Monday, November 13, 2006

Assad's Syria: Time for a Change of Course? (Part 1)

The war in Iraq has shattered the old geopolitical orthodoxy in the Middle East, and out of the ruins Iran led by the Mullahs has stepped up, presenting a grave threat to regional stability. With the belligerence of Iranian president Ahmadinejhad toward American regional allies, primarily Iraq and Israel, our main concern in the Middle East is not simply maintaining stability within Iraq, but also containing Iran and ensuring the radical Shi'ism endorsed by its leaders remains in check. With this goal in mind, foreign policy scholars have isolated two primary routes to this goal.

The first way to balance Iran is the stabilization of Iraq, primarily with regards to the secular conflict which claims thousands of lives each month. An important note with regards to the secular breakdown of Iraq is the split between Sunni's and the Shia which is where most of the violence begins. While most of the Middle East is led by Sunni leaders, Iran remains the largest (and only) Middle Eastern nation controlled by Shi'ite politicians.

The implications of this religious division of the Middle East are profound, as American allies around the Middle East are confronted with increasingly belligerent Shia populations, sponsored in large part by the Iranian administration. Robbins, a senior policy fellow from the conservative American Enterprise Institute, demonstrates in "Let’s Be Friends with Syria" that this split between Sunni and Shia is so wide, that Iranian doctrine holds that the Sunni's must be killed, holding the position of an 'Apostate', a Muslim who believes in Sunni doctrine. These Apostates are (in the minds of the radical Mullahs in charge) worthy of death, because unlike Christians and Jews, they are not simply 'deluded', but they OUGHT to know better. This divide between Sunni and Shia has been exacerbated by the instability in Iraq, and Iran's main strength outside of its borders has been its ability to exploit this shift to destabilize its neighbors.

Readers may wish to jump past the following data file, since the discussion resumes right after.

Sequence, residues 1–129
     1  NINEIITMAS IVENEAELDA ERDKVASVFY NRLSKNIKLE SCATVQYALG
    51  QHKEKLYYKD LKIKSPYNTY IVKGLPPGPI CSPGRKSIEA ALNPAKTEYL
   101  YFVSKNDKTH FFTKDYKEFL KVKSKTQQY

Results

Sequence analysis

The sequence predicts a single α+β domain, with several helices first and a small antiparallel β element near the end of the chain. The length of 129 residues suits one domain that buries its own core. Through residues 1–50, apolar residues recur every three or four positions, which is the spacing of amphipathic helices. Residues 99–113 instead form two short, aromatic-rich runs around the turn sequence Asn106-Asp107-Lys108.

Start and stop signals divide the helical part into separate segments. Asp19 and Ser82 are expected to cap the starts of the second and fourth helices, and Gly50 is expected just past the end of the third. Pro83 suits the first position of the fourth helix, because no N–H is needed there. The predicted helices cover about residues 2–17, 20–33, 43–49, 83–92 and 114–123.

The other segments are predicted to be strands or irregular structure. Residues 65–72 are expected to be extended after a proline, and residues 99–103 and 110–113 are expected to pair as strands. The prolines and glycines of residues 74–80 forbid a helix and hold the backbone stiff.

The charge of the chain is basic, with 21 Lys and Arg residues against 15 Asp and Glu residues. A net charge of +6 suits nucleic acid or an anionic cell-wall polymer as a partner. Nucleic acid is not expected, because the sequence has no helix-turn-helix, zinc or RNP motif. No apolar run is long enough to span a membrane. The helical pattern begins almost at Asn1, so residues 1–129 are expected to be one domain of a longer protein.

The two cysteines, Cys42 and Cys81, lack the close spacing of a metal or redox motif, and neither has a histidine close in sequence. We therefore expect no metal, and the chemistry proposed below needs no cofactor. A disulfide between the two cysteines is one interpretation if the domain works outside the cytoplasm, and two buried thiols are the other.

Therefore, a key part of the American strategy in Iraq must be to ensure Sunni integration into the political process (with many Sunni's creating the foundation of the insurgency against Iraq's Shia majority). Without their participation, it is unlikely that any truly effective coalition government can prevent escalation of secular violence, and create a major counterbalancing force to Iran's growing strength. It is for this reason that many scholars on the conflict have suggested that the United States actively pursue a stronger relationship with Iraqi Sunni communities, regional Sunni allies, and Sunni militant groups.

The second approach is entirely geopolitical in its nature, splintering Iran's regional coalition, and isolating it diplomatically. While Iran maintains close ties with many nations, two remain the most important in the Middle East's balance of power. The first nation is Russia, with its strong ties to the development of Iranian petroleum and nuclear energy reserves, their aid has allowed Iranians to develop their nuclear program, and modernize their military forces. The second nation is Syria, whose leadership under president Assad has found itself diplomatically and politically isolated from regional powers. Despite its strong Sunni majority, and opposition to Shia expansionism, Syria has found itself FORCED into a stance supporting Iranian military strength.

Syria in particular is important in this regard. The Hezbollah terrorist organization, infamous for its war of terror against Israel this last July, receives most of its monetary and logistical support from the Shia leadership of Iran. This terrorist organization is just one example of Iranian extended influence in the region, spreading and exacerbating the conflict between Sunni and Shia Muslims in the western Middle East. Syria's support of Iranian political doctrine has also allowed Iran to help block Israel from exerting its influence farther east, and has continued to prevent the stabilization of the region, particularly with regard to Iraq. Finally, Syria's connections with Iran have fostered the creation of a terror-friendly border between Syria and Iraq, fueling the insurgency movement. Clearly, Syria's geo-political alignment with Iran has been problematic for the region, and for American regional interests.

(This Post will be continued with PART 2 posted later)

Have Questions/Comments/Disagreements? Post them!


Post a Comment

<< Home

My Ecosystem Details